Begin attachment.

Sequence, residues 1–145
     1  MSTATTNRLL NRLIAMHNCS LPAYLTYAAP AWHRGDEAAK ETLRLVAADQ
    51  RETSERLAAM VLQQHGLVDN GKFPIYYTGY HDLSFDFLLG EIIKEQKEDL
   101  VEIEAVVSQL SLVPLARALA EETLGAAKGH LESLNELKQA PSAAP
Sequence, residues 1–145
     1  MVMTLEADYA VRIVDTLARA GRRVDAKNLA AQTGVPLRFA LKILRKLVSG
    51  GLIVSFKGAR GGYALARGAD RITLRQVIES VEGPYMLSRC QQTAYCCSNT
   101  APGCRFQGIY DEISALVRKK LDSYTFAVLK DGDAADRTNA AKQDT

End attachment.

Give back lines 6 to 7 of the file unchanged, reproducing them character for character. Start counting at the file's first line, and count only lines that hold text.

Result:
     1  MVMTLEADYA VRIVDTLARA GRRVDAKNLA AQTGVPLRFA LKILRKLVSG
    51  GLIVSFKGAR GGYALARGAD RITLRQVIES VEGPYMLSRC QQTAYCCSNT